Japan marks first anniversary of earthquake

Sunday 11 March 2012 07.32
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A man prays in front of a shrine for the victims from the Okawa Elementary School in Ishinomaki. Of the 108 students, 74 died and three remain missing.
A man prays in front of a shrine for the victims from the Okawa Elementary School in Ishinomaki. Of the 108 students, 74 died and three remain missing.
A ship called Asia Sympathy ran aground in Kamaishi, Iwate Prefecture photographed on 18 March 2011
A ship called Asia Sympathy ran aground in Kamaishi, Iwate Prefecture photographed on 18 March 2011
The same area photographed on 16 January 2012
The same area photographed on 16 January 2012
The same area as photographed on 16 January 2012
The same area as photographed on 16 January 2012
A catamaran was washed by the tsunami onto a two-storey home in Otsuchi, Iwate prefecture
A catamaran was washed by the tsunami onto a two-storey home in Otsuchi, Iwate prefecture
The view of a tsunami hit area of Ofunato, Iwate prefecture on 14 March 2011 (L) and on 15 January 15 2012 (R)
The view of a tsunami hit area of Ofunato, Iwate prefecture on 14 March 2011 (L) and on 15 January 15 2012 (R)
Cars salvaged from the tsunami are piled, waiting for owners to claim them in Ishinomaki
Cars salvaged from the tsunami are piled, waiting for owners to claim them in Ishinomaki
Photographs lay in a school gymnasium set up as a collection site for lost possessions in Yuriage, Natori
Photographs lay in a school gymnasium set up as a collection site for lost possessions in Yuriage, Natori
Workers from a power company repair damaged power lines in an area affected by the tsunami in the Yuriage area of Natori
Workers from a power company repair damaged power lines in an area affected by the tsunami in the Yuriage area of Natori
The destroyed no. 3 reactor building of Fukushima Daiichi nuclear power plant
The destroyed no. 3 reactor building of Fukushima Daiichi nuclear power plant
A woman walks along a alley between blocks of temporary housing in the town of Kesennuma, 11 months after the earthquake
A woman walks along a alley between blocks of temporary housing in the town of Kesennuma, 11 months after the earthquake
Around 7,000 people took part in an anti-nuclear protest in Tokyo on the 11th-month anniversary of the earthquake
Around 7,000 people took part in an anti-nuclear protest in Tokyo on the 11th-month anniversary of the earthquake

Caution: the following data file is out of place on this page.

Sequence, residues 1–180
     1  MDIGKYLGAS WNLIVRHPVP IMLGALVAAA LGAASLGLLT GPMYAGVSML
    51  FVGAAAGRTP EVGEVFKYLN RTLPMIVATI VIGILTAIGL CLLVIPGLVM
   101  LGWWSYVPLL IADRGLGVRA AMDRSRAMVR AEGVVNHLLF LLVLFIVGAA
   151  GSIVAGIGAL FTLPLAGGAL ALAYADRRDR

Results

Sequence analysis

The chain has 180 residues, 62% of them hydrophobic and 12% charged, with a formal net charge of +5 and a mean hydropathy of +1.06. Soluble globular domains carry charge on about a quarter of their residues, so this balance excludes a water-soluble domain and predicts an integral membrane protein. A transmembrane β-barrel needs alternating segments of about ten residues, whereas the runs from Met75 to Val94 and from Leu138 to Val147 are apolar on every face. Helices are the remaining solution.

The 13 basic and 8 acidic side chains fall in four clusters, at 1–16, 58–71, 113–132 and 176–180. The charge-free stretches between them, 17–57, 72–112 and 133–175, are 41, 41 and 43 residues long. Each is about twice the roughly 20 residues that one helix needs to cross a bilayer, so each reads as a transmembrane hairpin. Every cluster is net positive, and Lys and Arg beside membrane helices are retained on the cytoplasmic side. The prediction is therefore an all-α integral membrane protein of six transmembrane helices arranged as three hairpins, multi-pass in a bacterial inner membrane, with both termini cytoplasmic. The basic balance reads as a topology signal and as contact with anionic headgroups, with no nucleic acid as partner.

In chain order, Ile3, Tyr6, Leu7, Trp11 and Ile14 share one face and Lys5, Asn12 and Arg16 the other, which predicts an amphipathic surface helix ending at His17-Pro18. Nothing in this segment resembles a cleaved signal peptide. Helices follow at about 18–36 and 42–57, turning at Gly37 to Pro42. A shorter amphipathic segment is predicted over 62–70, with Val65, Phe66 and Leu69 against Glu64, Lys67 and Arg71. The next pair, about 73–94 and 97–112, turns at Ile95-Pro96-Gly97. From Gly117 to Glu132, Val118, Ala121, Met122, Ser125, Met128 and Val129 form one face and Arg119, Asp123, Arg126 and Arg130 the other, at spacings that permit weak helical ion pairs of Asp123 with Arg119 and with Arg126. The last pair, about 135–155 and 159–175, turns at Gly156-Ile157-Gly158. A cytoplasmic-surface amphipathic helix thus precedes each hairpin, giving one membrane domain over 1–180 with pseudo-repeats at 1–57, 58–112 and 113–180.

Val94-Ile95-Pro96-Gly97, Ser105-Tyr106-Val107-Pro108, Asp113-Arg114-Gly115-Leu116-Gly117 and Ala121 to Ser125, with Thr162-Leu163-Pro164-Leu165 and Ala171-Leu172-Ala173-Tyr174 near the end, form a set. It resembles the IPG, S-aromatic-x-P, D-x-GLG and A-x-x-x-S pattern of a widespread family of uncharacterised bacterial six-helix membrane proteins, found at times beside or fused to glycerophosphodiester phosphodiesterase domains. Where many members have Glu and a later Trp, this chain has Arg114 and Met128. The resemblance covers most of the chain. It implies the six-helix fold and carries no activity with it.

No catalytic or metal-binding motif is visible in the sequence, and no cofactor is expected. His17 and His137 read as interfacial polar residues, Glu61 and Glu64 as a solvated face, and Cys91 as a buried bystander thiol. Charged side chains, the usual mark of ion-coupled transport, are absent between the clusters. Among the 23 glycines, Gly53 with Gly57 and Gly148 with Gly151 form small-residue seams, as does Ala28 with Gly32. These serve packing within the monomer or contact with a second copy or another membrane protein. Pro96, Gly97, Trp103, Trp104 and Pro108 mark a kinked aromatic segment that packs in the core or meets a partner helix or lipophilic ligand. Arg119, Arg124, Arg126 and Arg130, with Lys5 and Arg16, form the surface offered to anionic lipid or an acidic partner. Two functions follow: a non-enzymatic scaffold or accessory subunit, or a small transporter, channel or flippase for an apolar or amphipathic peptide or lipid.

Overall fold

Residents who live in the 20km exclusion zone around the Fukushima nuclear plant undergo a radiation screening test
Residents who live in the 20km exclusion zone around the Fukushima nuclear plant undergo a radiation screening test
The disaster zone in Kesennuma, Miyagi prefecture 100 days after the 9.0-magnitude earthquake and tsunami
The disaster zone in Kesennuma, Miyagi prefecture 100 days after the 9.0-magnitude earthquake and tsunami
A women lays flowers for the victims in Kesennuma
A women lays flowers for the victims in Kesennuma

Japan marks the one-year anniversary of the biggest earthquake in its history, which along with a massive tsunami on the northeast coast killed nearly 16,000 people.

Nearly 3,300 people remain unaccounted for.

The magnitude 9.0 earthquake struck on 11 March 2011, followed by a large tsunami and several after-shocks, which triggered the world's worst nuclear crisis since Chernobyl.

The thousands who had to flee radiation from the crippled Fukushima nuclear plant may never be able to return home.

Some towns will effectively pass into history, little more than names on a map where no one lives because it is too dangerous.

Outside the zone in Fukushima prefecture as a whole 1.5 million have been affected, with livelihoods lost as farmland has been polluted and businesses, such as hotels or shops have closed

Progress has been frustratingly slow in cleaning up the disaster zone and more than 40,000 have fled the three worst-hit prefectures.

Traditional Japanese music echoed through the large General Assembly hall of the United Nations this week during a commemoration concert ahead of the anniversary.

Addressing the audience, UN Secretary-General Ban Ki-Moon, praised Japan's resilience in recovering from the devastating effects of the 2011 quake and tsunami.